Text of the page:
The U.S. Supreme Court has refused to hear three cases involving students suspended for malicious online comments.
School boards and principals had hoped for guidance on the clash between free speech and civility, reports the LA Times.
A middle school principal in northeastern Pennsylvania was shocked to see his photo online along with a description of him as a “hairy sex addict” and a “pervert” who liked “hitting on students” in his office.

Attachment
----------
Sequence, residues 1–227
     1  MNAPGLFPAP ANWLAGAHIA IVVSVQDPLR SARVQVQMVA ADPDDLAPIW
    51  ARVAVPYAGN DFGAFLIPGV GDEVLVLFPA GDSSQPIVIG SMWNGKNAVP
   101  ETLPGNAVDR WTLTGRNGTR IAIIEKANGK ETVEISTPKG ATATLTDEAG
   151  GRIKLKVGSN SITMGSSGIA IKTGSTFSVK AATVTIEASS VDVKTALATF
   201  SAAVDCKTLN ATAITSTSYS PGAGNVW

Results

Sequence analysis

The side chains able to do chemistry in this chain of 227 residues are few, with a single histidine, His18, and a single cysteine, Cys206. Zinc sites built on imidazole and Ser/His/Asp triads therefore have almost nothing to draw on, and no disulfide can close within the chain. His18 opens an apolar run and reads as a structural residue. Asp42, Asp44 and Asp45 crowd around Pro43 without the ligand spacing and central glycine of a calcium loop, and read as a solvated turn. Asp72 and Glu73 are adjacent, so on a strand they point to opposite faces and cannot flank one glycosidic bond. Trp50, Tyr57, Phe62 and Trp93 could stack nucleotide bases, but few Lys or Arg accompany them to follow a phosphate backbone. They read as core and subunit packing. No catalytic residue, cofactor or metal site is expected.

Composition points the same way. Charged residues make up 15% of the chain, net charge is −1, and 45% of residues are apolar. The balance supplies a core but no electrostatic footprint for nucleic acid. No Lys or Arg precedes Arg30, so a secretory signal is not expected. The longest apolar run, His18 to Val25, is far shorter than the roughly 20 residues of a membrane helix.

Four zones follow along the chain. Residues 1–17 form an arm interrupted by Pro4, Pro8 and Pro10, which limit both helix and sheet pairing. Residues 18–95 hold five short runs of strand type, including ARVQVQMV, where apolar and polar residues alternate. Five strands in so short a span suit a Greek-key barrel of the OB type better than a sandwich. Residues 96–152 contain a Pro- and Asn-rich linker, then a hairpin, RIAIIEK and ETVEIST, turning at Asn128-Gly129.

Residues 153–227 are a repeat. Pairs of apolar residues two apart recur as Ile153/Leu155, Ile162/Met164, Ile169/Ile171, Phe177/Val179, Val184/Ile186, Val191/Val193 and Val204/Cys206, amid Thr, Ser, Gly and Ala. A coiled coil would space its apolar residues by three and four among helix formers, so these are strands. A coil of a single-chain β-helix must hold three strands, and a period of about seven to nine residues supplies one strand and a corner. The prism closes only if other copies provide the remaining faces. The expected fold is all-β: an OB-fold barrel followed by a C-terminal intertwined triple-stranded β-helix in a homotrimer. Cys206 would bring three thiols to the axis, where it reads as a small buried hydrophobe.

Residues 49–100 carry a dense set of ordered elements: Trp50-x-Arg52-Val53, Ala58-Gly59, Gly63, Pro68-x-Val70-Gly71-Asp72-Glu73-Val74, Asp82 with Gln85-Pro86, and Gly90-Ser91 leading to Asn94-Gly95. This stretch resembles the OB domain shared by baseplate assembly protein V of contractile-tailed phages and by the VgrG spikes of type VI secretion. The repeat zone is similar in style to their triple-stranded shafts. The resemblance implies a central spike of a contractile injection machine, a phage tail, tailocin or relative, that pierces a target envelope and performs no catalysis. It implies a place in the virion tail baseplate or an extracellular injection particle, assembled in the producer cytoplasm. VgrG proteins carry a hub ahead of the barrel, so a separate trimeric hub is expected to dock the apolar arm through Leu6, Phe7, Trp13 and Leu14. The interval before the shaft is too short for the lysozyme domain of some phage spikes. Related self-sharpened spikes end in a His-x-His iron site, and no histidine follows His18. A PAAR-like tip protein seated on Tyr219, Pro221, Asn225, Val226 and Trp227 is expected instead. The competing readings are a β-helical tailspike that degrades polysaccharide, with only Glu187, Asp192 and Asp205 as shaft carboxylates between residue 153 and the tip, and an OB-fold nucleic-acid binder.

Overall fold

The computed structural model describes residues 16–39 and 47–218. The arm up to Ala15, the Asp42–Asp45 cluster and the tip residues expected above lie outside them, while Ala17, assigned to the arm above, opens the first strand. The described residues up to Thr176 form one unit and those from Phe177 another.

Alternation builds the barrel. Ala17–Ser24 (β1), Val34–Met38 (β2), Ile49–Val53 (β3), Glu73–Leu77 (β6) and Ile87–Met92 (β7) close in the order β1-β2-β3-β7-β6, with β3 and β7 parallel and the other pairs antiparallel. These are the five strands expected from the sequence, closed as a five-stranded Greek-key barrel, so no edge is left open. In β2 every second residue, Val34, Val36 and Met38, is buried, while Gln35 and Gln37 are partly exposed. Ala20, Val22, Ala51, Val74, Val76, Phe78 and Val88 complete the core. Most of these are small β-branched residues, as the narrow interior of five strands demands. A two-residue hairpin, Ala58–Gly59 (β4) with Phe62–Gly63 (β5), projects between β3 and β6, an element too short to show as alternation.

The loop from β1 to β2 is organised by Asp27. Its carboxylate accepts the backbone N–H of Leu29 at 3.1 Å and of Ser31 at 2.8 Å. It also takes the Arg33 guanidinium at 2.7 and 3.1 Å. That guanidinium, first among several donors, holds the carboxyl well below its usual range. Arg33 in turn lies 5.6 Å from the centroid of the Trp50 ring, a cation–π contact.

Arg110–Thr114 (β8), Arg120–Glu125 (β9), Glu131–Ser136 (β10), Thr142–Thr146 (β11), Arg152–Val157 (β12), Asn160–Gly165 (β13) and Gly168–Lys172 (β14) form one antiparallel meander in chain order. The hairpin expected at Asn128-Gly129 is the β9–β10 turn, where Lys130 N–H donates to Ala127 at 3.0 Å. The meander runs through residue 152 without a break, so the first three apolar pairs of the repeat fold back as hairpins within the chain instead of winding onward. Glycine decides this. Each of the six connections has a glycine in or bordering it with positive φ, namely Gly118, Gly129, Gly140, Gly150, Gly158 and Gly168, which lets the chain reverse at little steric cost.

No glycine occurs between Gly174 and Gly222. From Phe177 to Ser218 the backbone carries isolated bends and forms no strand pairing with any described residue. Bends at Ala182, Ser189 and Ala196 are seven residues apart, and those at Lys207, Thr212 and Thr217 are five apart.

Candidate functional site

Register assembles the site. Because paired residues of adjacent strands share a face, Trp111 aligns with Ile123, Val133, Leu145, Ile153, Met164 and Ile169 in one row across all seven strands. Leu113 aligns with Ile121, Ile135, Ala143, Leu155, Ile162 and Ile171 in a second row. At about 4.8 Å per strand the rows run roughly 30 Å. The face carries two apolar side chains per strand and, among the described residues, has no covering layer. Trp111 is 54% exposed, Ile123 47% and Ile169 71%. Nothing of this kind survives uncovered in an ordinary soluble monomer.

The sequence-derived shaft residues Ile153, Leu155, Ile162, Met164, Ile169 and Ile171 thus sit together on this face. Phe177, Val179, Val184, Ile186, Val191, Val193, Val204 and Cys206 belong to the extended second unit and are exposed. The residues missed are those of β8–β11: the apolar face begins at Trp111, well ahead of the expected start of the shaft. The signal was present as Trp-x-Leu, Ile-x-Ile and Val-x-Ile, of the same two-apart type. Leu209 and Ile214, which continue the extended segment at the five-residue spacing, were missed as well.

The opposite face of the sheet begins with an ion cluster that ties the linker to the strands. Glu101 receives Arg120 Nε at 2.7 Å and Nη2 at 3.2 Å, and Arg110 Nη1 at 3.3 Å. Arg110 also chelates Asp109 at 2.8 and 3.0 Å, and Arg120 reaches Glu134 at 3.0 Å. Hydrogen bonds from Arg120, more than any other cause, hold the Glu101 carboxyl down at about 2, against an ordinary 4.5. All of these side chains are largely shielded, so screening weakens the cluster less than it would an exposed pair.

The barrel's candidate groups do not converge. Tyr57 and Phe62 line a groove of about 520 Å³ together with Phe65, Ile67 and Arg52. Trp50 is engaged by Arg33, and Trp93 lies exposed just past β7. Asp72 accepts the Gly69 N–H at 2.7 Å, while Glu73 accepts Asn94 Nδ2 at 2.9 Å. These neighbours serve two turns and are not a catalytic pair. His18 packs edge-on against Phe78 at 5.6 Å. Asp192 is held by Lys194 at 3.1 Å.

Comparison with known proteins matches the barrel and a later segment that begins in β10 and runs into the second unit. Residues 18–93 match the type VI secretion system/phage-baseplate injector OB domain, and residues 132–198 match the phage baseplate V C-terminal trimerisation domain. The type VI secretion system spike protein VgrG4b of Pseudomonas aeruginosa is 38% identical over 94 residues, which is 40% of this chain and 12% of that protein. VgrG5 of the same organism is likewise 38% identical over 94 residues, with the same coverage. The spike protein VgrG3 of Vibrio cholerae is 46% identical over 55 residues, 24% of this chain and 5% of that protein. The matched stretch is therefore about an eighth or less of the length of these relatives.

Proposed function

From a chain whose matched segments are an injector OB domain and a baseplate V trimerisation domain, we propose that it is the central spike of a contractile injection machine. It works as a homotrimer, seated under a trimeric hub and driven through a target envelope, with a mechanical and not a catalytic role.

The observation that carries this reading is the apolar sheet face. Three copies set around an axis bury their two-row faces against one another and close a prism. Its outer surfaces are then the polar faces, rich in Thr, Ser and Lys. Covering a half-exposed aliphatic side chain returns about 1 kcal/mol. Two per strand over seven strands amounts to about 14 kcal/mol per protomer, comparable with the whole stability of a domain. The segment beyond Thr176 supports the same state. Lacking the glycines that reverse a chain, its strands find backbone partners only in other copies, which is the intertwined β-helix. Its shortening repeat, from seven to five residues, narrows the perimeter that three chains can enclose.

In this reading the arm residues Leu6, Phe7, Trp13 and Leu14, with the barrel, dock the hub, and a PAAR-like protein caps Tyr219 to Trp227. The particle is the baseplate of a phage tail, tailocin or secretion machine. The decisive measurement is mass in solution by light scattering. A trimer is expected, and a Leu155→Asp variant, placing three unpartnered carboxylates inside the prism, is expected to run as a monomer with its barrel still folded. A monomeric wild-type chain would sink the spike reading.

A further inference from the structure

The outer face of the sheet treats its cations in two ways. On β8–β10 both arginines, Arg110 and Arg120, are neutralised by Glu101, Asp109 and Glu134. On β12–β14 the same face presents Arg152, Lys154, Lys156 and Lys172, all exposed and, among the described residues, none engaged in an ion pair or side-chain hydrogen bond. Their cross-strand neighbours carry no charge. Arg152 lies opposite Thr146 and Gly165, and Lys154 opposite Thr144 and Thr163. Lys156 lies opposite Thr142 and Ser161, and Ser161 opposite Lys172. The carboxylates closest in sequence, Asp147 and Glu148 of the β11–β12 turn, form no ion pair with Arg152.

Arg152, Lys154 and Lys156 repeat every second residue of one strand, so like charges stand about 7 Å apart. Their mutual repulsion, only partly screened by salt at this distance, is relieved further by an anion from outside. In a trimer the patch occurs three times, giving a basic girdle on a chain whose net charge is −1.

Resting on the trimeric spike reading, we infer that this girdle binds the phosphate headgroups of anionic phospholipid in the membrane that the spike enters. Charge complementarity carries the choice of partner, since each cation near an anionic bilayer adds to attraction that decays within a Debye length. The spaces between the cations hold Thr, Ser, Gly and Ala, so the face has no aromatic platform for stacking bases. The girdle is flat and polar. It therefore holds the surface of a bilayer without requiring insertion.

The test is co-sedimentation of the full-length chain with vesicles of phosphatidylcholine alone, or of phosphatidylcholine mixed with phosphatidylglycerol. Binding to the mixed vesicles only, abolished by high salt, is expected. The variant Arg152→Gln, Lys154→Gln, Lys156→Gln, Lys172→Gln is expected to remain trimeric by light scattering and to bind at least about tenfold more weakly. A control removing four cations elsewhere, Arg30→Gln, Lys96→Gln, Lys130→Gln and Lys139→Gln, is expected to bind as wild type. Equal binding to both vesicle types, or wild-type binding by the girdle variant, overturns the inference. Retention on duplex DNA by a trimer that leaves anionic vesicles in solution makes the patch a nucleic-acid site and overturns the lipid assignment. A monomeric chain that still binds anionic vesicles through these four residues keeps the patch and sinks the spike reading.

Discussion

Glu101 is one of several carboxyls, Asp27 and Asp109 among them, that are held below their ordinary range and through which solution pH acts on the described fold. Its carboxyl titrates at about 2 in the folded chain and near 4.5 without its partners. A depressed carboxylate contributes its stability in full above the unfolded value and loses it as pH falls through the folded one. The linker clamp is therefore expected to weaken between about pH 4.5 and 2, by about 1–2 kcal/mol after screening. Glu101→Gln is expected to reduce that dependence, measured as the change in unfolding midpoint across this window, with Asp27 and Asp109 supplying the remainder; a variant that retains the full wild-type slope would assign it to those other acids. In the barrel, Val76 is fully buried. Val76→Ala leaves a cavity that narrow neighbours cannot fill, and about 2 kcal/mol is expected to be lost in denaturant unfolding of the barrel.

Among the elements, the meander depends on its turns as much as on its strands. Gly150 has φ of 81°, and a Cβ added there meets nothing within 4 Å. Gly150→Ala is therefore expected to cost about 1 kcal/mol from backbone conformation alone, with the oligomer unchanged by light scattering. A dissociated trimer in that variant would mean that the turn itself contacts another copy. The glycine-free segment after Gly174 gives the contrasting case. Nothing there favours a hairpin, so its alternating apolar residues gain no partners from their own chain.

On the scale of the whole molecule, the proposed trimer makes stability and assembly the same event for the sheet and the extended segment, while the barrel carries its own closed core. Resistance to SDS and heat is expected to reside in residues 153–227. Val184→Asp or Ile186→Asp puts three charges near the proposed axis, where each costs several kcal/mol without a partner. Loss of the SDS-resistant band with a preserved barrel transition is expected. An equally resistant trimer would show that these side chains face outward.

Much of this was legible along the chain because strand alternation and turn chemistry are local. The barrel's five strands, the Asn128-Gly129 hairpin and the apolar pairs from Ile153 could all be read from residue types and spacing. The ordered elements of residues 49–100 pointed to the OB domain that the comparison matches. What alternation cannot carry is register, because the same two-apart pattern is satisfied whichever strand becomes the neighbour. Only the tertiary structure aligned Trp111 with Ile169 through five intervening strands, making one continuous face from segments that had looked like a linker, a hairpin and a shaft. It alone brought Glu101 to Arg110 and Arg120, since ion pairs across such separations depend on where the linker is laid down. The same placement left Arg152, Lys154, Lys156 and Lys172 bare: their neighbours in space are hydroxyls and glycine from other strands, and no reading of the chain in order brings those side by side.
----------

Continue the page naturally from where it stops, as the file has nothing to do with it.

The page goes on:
A high school principal north of Pittsburgh saw a MySpace profile of himself that called him a “big fag,” a “whore” and a drug user.
And in West Virginia, a school principal found out that a girl had created an online site to maliciously mock another girl as a “slut” with herpes.
All three students were suspended and filed suit, claiming their free speech rights had been abridged. The two students who charged their principals with misconduct won in the lower courts. The girl who mocked a classmate lost.